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N Mali: conflit empire insécurité alimentaire

  • Alerte
  • Mali
  • Mai 10, 2012
N Mali: conflit empire insécurité alimentaire

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  • Sommaire
  • Situation

  • Sommaire

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    The most important impact of conflict is on market functioning. Very poor and poor households in the north are highly vulnerable to these market disruptions as they purchase 45‐65 percent of their annual food needs from markets, particularly in the Nomadic and transhumant pastoralism zone (livelihood zone 2) and the agropastoral areas (zones 3, 4, and 6). Between March and April, the cost of trade increased significantly due to rampant theft. Key informants report that many local weekly markets have completely closed. Trade has been reduced to as little as 20 percent of typical levels. There has been a shift in supply away from smaller weekly markets to avoid banditry, meaning that physical access to markets has ben dramatically reduced. Formal and informal financial institutions were also looted, and banks are closed as far away as Mopti and Segou regions. Access to cash and credit is severely constrained. As a result of these combined factors, cereal prices at the end of April were between 50‐150 percent above late‐March prices in the northern regions with the most severe changes in Gao region. Livestock‐to‐cereal terms of trade have fallen as much as 50 percent in one month.  

    Food insecurity is most severe among the rural agropastoral households in the Fluvial rice and transhumant livestock rearing (agropastoral) livelihood zone (zone 3), the Timbuktu part of the Niger Delta/Lakes – rice and livestock rearing (agropastoral) zone (zone 6), and the Millet and transhumant livestock rearing zone (zone 4). In these areas, food insecurity is at Crisis levels (IPC 2.0 Phase 3), including significant household food consumption deficits, unusually high rates of acute malnutrition and/or the accelerated depletion of livelihood assets. Because both purchasing power (due to low 2011/12 production) and input availability will be low and civil insecurity risks will be high, investment in agriculture and derived demand for labor are expected to be 30‐50 percent of average. Therefore, even if rainfall and river levels are normal in these areas in 2012, food security outcomes are unlikely to improve significantly between now and September. Nomadic pastoralists (zone 1) of the far north will be mobile enough to access Algerian and Mauritanian markets and avoid conflict once rains replenish water sources and pastures in July. Urban areas are expected to face relatively better market access, labor opportunities, and  assistance than rural areas, though Crisis‐level outcomes are also possible.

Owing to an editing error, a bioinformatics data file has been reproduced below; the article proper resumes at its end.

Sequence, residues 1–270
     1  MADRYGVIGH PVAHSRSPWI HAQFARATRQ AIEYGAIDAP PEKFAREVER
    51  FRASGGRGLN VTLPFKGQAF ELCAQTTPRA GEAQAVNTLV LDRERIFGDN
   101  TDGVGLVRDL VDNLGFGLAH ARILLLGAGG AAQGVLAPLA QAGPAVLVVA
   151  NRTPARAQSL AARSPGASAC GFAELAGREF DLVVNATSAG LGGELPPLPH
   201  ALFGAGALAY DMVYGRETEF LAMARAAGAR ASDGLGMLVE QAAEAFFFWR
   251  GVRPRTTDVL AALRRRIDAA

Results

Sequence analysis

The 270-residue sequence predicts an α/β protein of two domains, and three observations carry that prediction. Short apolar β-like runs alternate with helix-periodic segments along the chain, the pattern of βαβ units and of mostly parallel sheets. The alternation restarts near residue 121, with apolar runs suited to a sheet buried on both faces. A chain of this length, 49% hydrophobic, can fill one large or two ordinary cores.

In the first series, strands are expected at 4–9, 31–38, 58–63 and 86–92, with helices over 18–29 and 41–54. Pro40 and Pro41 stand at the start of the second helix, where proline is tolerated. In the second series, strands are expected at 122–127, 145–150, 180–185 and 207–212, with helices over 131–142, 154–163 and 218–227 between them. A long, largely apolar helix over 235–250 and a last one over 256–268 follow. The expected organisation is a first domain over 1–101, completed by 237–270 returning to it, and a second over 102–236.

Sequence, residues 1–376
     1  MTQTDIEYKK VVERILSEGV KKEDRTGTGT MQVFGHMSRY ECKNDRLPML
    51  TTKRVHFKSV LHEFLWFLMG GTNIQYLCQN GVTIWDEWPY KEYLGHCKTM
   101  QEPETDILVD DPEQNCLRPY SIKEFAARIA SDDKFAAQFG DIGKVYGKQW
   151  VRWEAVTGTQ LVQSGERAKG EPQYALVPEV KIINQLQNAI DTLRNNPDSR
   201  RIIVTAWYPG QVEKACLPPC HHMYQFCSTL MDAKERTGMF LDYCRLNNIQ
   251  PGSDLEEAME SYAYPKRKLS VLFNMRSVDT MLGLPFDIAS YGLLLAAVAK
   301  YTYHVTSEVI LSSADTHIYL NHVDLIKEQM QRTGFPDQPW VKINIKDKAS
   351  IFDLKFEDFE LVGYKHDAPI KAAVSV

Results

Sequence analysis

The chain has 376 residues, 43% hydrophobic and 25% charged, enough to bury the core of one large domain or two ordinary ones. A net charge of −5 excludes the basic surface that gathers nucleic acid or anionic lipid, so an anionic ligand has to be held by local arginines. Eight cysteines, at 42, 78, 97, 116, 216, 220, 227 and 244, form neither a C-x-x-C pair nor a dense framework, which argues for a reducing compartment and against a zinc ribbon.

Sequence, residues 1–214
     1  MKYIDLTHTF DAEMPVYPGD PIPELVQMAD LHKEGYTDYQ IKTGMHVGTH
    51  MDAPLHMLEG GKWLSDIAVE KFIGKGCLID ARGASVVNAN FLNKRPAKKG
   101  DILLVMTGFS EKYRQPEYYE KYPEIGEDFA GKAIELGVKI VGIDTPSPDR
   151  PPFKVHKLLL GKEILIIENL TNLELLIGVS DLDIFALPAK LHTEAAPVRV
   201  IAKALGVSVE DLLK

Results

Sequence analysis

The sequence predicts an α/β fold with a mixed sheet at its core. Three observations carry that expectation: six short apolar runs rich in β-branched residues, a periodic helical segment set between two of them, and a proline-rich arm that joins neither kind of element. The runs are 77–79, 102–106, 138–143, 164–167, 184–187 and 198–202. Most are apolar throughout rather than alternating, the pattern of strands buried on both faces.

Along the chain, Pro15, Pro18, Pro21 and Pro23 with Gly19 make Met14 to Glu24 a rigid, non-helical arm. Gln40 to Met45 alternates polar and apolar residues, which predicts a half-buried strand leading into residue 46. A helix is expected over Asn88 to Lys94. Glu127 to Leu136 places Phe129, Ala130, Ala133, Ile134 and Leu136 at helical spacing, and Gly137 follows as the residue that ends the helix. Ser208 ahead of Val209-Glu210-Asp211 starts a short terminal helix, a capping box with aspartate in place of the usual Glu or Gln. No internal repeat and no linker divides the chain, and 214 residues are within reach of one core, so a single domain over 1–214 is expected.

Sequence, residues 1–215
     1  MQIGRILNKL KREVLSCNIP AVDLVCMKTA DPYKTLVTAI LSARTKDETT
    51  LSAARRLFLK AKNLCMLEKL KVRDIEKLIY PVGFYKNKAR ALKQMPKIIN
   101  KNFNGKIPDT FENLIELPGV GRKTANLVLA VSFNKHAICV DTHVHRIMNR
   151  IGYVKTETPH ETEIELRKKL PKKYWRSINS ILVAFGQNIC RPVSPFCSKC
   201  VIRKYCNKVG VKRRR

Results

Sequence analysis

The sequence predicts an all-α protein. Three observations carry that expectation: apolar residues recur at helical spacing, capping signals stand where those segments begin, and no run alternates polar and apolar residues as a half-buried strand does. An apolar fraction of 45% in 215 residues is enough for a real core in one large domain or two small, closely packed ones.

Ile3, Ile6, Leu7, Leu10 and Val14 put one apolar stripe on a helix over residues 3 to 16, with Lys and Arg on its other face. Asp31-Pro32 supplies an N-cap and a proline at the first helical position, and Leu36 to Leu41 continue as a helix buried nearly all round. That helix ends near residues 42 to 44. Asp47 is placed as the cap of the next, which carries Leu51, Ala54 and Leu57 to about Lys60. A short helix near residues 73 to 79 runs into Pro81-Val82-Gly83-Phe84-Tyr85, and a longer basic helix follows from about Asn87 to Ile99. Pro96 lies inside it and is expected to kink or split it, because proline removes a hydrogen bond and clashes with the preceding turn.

Immediate, additional emergency response above current levels is required to protect human lives and livelihoods. Assuming that the current security/political context persists with no major outbreaks of open conflict and limited humanitarian assistance, the severity of food insecurity is not expected to reach IPC 2.0 Phase 4 levels. However, a number of factors could significantly change this analysis, including: resumption of conflict, poor June‐September rainfall, additional major disruptions to humanitarian assistance, or locust or other pest attacks. 

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